Ogranya is a veteran of sorts, thanks to the impressive catalogue he’s acquired over the last three years. His latest deluge of music has employed the aforementioned strategy to significant effect and has seen him release 24 singles (and a joint tape plus an acoustic version for fun) so far this year, at an average of two and a half singles a month. More than just an opportunity to flex his phenomenal work rate, the singles have served as the buildup for the mysterious Project 52. They have shown a varied range of R&B-influenced records that draw inspiration from over half a century of styles and are tied together by his electronic touch.

Ogranya finds that the financial constraints of pursuing his art are particularly tough when it comes to creating professional visual content to accompany his music. “Every artist dreams of shooting videos for majority of their work. Unfortunately, these things cost an arm and a leg. So, I’d say it’s this amongst a few,” he shares. Working as an independent artist thus far, some of these constraints can be attributed to a lack of overall support from his informal label structure, which could be rectified by external aid. When queried about what he considers the best path to market himself and his craft, he shares what he considers the optimum route. “Music is now significantly democratized, and this has built bridges between being independent and getting a deal. 10% of something is greater than 100% of nothing, so I’m out to broker for the best. Better put - ‘there are a million ways to get it’”. Already trained as an architect, he explains that he would practice full-time if he was not already pursuing music. On the best advice he has received on his journey, he maintains the calm demeanor portrayed by his music: “Become water.”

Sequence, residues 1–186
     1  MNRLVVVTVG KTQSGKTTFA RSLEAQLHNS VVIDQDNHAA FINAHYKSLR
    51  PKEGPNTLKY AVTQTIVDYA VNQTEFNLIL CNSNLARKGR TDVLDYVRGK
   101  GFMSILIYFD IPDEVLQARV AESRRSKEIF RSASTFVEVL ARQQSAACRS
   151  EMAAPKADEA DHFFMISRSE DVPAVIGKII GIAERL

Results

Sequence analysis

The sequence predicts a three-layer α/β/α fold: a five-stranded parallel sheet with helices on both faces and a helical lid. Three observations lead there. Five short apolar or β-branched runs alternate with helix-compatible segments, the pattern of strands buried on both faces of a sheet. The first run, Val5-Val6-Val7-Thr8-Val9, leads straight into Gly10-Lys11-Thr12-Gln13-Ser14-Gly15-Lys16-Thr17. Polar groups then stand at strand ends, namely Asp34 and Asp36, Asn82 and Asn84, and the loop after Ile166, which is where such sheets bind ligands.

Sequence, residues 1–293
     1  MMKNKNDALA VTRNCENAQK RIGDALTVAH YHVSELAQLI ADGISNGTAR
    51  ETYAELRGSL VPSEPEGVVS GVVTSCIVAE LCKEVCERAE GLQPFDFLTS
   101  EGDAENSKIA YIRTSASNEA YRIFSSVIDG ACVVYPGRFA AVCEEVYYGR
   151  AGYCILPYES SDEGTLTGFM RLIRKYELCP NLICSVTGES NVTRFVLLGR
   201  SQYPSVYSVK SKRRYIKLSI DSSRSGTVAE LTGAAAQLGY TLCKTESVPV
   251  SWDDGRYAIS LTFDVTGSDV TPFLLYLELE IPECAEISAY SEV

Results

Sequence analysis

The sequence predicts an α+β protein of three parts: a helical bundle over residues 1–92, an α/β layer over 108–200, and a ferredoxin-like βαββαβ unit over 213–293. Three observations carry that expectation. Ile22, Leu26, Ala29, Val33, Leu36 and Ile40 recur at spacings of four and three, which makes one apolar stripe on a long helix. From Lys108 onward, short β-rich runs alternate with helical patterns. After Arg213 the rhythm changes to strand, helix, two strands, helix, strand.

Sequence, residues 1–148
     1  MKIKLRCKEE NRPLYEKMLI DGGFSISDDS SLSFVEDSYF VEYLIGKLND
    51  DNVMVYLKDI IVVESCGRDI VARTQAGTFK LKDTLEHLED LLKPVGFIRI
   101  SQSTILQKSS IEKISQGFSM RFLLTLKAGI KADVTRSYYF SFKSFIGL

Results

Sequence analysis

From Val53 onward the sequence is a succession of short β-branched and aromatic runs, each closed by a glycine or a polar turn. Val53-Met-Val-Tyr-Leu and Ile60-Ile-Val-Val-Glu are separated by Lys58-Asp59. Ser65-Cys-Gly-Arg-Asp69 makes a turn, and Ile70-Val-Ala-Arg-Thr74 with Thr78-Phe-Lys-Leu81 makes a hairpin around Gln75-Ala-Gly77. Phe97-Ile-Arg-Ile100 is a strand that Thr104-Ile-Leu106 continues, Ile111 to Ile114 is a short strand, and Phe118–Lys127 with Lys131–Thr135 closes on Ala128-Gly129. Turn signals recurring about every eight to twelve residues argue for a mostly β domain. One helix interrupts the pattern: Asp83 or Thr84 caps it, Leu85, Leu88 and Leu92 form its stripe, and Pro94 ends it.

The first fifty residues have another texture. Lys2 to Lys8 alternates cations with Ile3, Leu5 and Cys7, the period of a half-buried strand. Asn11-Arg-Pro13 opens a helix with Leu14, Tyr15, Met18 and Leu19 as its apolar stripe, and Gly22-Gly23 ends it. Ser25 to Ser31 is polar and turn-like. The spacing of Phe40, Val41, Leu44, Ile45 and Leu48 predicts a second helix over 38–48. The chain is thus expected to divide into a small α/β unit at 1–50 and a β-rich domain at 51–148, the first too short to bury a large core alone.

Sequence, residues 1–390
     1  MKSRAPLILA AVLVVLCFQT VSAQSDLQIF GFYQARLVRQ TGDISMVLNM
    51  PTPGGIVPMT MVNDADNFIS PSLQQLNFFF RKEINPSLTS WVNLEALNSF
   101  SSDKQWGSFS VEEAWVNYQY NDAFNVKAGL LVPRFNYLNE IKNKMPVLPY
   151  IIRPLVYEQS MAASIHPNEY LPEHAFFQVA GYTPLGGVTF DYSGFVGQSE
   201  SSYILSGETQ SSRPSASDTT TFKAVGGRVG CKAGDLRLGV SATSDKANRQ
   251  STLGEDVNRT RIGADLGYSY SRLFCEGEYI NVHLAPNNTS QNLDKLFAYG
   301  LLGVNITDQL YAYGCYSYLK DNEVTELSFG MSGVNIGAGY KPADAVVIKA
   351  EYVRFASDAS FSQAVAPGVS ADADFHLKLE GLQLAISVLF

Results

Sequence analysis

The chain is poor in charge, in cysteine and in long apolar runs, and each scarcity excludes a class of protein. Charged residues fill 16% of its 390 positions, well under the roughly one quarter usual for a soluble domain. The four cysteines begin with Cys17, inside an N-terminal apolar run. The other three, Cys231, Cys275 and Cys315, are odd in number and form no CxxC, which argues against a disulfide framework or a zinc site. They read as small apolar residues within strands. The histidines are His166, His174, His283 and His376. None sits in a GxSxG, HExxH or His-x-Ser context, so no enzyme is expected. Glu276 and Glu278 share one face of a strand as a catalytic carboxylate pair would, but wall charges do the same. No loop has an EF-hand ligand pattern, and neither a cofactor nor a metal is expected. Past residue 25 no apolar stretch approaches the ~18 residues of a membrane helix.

Very few independent artists can take a time-intensive approach like this to unveil new music. Yet, Ogranya’s recent exploits show that it is possible to maintain deliberate control over one’s art, from the staggered approach to the uniformity across motifs and soundscapes. The costs of being an independent artist are pretty steep; Ogranya’s part-time job as an architect is clear evidence. Moonlighting as an artist seems set to pay dividends if his latest releases have anything to say about it, though; major labels are sure to pay attention to more than the music. The strategy has built muted anticipation for the upcoming project, yet the quality of the music nullifies the need for any; Project 52 will almost certainly bear the weight of expectations as far the Nigerian R&B scene goes and push the envelope for our ingenious crop of songwriters.